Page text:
This is why your headlines need to be:
Use the power of the first impression and turn your headlines into a tool for improved SEO, and boost your website traffic.
People online usually look for ways to:
“If you know what your target audience is interested in and what are their major problems, you can use this to improve your content. All you have to do is list the specific issues you’ll be resolving within your content,” says Mariah Faber, a psychologist and writer at Write Scout.
Here’s what you should do:
A shortlist of benefits or problems you’ll cover will be the push in the right direction that the readers need. They need you to tell them why they need to keep reading.
CTAs have been around for ages, even before the appearance of digital media.
This is because they're based on the psychological phenomena of the power of telling people what to do. The imperative is, therefore, a strong SEO weapon you should use to have more people actively engage with your content.
So, what are the elements of a great CTA? Let’s take a look:
A CTA should be clearly visible and attention-grabbing. It needs to tell the readers exactly what to do:
Social proof was a term coined way back in 1984 and is both a psychological and a social term. It describes the tendency of people to copy the actions of those around them, believing they possess more knowledge.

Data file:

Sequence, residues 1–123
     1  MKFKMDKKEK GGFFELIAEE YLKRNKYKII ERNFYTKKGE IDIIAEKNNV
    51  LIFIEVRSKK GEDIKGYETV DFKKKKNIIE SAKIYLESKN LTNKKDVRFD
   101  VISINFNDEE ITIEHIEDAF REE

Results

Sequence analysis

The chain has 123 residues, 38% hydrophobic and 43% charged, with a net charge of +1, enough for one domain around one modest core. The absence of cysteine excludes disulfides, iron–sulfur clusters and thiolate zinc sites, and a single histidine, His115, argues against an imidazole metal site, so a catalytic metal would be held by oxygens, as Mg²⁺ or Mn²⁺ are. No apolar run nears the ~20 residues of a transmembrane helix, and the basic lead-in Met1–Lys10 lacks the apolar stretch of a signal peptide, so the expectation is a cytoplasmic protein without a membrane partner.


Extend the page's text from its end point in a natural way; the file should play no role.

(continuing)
This phenomenon has been transferred to marketing and is widely used as a powerful SEO weapon.
So, to make more people perceive you as credible and trustworthy, you’ll have to show them those who already trust you. Marketers and content writers employ the power of:
You can cover customer's journeys, use their images and videos, or simply cite their reviews of your product, services, or content.
Daniel Pearson, a head of content at Subjecto agrees: "People need to see there are those who've already tested you and marked you as credible, professional, or trustworthy. Social proof is, therefore, one of the greatest psychological phenomena marketers and content writers frequently lean on."
Finally, you can use another cognitive psychology principle to make your content more appealing.
According to the Massachusetts Institute of Technology, “the human brain can identify images seen for as little as 13 milliseconds”.
That means that the visual representation of your content will play a huge role in:
To make your content appealing to everyone’s eyes, you should:
The design and visual aspect of your content will play a significant role in creating engaging and memorable content.
It might sound surprising at first, but a cognitive psychology approach can make all the difference for your SEO endeavors. It will help you wear your customers’ shoes and start thinking about the way they see you. The tips listed above can guide you and help you start working on your cognitive psychology approach to SEO. Use them wisely and you’ll be able to feel the positive benefits sooner than you expect.
This guest post was contributed by Estelle Liotard.